Contrary to much of the hype, advergaming and in-game ad insertions aren’t all that new. Heck, I wrote about a startup that was going to insert ads into games way back in February 2000. Since then, more players have gotten into the game, and evidence has mounted. Clearly, anyone who wants to market to teens and early adopters must look at video games as one of the best ways to reach them.
A recent Forrester study finds the best way to reach teens is through in-game ad placement or brand-specific advergames. The finding isn’t all that surprising, considering the same study finds 90 percent of teens own a gaming device and nearly three quarters of them play on- and offline games on their computers.
Tapping into this gaming obsession has been extremely lucrative for some. NeoPets has turned teens’ and preteens’ love of games into an obsessive user base of over 25 million worldwide generating 2.2 billion page views per month. As most of these games are wrapped in sponsors’ branding, NeoPets users get a lot of exposure during their average 6 hours, 15 minutes per month on the site.
Though NeoPets has become the undisputed king of advergaming and product placement, other companies are starting to provide an infrastructure for inserting product placements and ads into standalone video games. Massive and IGA Partners both offer advertisers a way to insert ads into games through virtual product placements and other formats, as well as a way of tracking and serving those ads.
It makes sense. Their immersive, time-consuming nature makes games perfect vehicles to drive plenty of brand exposure. Few sites can match NeoPets’ time-on-site numbers, and few other entertainment vehicles can drive the immersive nature of standalone video games. If you want to reach the kinds of people who play games (an increasingly large, potentially lucrative demographic), putting games in ads seems the way to go.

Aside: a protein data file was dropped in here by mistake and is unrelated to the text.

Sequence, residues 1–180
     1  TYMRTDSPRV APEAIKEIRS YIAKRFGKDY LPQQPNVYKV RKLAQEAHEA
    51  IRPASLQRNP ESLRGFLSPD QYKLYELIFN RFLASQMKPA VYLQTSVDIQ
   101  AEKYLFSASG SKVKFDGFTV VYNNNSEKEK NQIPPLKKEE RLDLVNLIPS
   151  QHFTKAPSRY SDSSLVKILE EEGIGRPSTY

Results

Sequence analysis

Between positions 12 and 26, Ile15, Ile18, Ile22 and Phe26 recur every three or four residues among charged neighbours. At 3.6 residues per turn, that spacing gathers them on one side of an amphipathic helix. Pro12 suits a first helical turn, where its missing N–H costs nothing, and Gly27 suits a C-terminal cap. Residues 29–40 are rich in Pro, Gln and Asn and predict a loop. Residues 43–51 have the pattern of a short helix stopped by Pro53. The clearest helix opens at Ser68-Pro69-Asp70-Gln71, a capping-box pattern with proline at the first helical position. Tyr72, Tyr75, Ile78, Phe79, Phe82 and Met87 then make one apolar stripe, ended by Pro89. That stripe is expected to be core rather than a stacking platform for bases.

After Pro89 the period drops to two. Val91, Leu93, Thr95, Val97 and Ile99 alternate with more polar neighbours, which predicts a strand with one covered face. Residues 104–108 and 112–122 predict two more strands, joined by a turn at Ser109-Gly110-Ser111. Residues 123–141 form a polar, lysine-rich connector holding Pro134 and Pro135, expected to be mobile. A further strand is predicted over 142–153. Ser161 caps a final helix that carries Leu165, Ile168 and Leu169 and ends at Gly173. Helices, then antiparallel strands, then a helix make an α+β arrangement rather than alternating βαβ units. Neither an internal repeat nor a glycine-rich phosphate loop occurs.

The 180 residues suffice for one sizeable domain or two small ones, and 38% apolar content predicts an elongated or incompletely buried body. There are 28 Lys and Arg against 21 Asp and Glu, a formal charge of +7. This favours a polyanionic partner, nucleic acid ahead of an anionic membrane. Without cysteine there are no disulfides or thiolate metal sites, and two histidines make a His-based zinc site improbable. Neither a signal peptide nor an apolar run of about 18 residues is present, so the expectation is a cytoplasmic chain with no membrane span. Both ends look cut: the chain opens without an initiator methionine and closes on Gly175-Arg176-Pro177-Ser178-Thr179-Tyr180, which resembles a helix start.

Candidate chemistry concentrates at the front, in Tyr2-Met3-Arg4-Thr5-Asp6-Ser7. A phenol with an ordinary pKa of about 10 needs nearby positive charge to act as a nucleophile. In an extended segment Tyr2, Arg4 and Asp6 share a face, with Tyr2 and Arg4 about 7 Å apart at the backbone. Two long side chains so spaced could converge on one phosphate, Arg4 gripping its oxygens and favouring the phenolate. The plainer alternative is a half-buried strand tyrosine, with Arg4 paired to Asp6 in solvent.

But how? Early Web advertisers often assumed ads on the Web were just digital versions of print ads. Now, we understand how the Web is different from traditional advertising. Games are different, too. Here’s how to avoid making mistakes when advertising in games:
- Branding. As much as you might want them to, gamers won’t jump out of what their doing to click on your ad. Don’t think direct response when developing ads for games. Instead, think branding and how to expose your target audience to your brand.
- Frequency. Games are, by their nature, full of action and different stimuli vying for the player’s attention. Since you can’t interrupt a game to place your ad in front of gamers, you must ensure you give players as many chances as possible to notice your ad.
- Context. Gamers play games because they want to become immersed in the game’s experience and its world. An ad for something that doesn’t fit the rules of that world is an annoyance and will irritate players. Who wants to see an ad for a soft drink in a medieval world? Work to make your ads contextually accurate for the game.
- Genre-appropriateness. Besides the game’s world, consider the game’s genre. Shooters, sports games, adventure games, and role-playing games all look and feel a lot different and offer different opportunities to reach consumers. Understand the type of game you’re advertising in.
- Experience. Anything that gets in the way of gamers’ immersive experience will be dismissed and could even cause hostility. Your ads must become part of the experience rather than something that distracts from it. Wrapping your brand around a short online game (or inserting it into that game) doesn’t distract from the experience. However, if the player is deep in the woods looking for dragons and comes across a talking virtual billboard hawking soft drinks, the experience’s illusion is broken.
- Respect. Finally, it’s about respecting gamers. They can be a persnickety lot (just read the message boards on the major gaming sites) and don’t take kindly to having their intelligence insulted, their experience interrupted, or their game diminished by anything. Know your user, know the game you’re advertising in, test if you can, and refine based on what you learn. Your ad needs to fit seamlessly into the experience and be appropriate for the users. A little respect goes a long way.
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